[Excerpt] Archivists face a bewildering array of technologies designed to help administer and provide access to archival collections. From free, open-source software such as ArchivesSpace to proprietary software such as Eloquent, archivists may choose from a wide variety of tools. CollectiveAccess, a web-based, free, and open-source system, offers many features to archivists who need a low-cost way to manage and offer online access to their collections. CollectiveAccess was developed and is maintained by the company Whirl-i-Gig and is comprised of two main software components: “Providence” and “Pawtucket.” Providence is the core of CollectiveAccess and provides secure user interfaces for data entry and editing, filtered and faceted searching, file management and upload, and general system administration. Pawtucket is an optional CollectiveAccess component that generates a public-facing website to provide access to files and metadata saved in the Providence database. This paper describes work completed at the American Alpine Club Library (AACL) in Golden, Colorado, to implement a CollectiveAccess instance, which was given the name “Explore.”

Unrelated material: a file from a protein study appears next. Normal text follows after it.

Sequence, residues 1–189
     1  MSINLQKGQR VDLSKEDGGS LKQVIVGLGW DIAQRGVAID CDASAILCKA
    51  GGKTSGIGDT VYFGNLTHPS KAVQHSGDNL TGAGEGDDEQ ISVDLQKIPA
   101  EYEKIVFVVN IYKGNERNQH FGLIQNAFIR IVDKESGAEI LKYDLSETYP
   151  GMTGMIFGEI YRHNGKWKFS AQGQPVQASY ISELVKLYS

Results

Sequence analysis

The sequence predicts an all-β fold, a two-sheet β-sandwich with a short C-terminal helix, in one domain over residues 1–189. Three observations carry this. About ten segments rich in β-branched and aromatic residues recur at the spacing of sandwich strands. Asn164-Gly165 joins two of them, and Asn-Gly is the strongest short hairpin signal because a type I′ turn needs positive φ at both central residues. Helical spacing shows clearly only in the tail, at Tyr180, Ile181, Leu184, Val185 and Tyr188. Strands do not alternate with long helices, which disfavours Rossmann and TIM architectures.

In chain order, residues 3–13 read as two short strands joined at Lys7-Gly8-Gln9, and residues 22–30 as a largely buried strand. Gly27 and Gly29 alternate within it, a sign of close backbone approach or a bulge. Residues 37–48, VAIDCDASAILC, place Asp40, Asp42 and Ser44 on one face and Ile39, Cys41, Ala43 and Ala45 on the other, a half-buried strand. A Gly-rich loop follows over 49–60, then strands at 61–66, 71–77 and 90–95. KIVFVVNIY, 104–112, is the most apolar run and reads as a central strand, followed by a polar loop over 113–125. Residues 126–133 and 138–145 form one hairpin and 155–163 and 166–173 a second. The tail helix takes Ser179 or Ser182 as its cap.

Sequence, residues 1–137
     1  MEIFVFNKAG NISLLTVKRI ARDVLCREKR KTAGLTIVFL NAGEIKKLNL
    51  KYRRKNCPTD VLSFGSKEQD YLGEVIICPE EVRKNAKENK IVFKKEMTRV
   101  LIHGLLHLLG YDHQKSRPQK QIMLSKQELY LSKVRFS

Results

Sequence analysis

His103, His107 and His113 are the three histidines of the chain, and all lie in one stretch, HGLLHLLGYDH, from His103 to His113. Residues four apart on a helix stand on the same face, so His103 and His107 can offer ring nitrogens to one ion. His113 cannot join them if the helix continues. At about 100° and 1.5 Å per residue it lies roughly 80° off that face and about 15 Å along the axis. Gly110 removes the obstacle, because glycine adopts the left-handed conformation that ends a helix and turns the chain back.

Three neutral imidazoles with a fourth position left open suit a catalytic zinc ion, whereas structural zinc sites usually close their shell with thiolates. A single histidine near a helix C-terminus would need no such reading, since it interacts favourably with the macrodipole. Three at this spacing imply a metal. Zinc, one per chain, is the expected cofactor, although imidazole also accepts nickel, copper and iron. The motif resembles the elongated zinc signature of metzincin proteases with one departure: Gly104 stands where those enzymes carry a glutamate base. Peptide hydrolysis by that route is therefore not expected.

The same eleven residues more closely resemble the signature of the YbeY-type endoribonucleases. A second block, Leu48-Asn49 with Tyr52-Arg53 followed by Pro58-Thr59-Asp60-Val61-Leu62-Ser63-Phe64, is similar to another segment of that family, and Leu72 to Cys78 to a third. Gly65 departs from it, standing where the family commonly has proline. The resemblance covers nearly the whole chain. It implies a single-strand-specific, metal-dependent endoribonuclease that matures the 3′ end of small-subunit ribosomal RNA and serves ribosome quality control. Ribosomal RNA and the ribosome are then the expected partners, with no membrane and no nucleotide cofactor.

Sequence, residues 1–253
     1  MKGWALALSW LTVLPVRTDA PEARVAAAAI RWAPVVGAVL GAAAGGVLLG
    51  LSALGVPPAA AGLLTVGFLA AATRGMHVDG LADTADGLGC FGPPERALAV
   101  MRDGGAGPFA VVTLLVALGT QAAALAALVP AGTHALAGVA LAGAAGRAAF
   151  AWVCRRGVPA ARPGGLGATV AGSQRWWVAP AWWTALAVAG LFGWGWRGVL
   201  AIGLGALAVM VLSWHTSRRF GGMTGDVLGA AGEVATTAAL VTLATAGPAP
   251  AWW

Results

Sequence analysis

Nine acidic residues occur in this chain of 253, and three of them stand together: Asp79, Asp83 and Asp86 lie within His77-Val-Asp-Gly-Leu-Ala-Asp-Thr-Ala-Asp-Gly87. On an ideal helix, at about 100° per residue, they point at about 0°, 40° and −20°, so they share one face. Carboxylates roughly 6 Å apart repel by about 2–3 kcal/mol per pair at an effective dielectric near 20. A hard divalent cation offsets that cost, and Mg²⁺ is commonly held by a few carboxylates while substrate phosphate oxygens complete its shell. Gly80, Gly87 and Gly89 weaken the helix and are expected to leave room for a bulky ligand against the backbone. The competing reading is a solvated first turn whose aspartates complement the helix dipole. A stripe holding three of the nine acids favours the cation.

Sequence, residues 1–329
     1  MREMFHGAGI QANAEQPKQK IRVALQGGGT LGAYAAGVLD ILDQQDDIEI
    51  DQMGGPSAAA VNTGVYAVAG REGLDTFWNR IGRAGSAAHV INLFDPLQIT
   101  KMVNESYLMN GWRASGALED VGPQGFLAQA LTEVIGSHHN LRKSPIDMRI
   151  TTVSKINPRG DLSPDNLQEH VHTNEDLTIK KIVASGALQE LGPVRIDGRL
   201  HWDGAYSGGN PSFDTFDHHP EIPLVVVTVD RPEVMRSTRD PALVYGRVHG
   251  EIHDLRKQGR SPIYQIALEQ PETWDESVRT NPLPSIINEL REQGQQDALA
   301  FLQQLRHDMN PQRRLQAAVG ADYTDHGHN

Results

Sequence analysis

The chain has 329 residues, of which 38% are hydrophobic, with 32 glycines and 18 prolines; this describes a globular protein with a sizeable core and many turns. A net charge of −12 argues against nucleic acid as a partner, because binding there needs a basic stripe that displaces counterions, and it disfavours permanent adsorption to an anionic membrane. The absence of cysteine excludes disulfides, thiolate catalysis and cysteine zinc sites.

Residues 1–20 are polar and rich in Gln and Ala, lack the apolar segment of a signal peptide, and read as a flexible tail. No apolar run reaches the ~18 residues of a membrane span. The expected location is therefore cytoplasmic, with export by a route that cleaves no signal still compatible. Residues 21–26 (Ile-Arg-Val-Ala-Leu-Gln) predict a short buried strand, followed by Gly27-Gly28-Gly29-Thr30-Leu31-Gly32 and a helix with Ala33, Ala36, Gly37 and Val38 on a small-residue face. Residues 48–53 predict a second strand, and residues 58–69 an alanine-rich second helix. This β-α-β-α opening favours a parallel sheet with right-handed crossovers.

The AACL publicly launched Explore in February 2013, using both Providence and Pawtucket. Explore was created with many purposes in mind: to provide access to digital collections, to create and present online exhibits, to manage digital assets, to administer archival and museum collections, and to serve as a value-added benefit of membership in the Club. The flexibility of CollectiveAccess made it possible for the AACL to structure Explore for all of these purposes, however, its success in each area was inconsistent and the system design was too ambitious to be ultimately sustainable. This article details the AACL’s experience launching Explore and provides a helpful case study of how the software was used and customized in a small library and archives with limited staff and resources.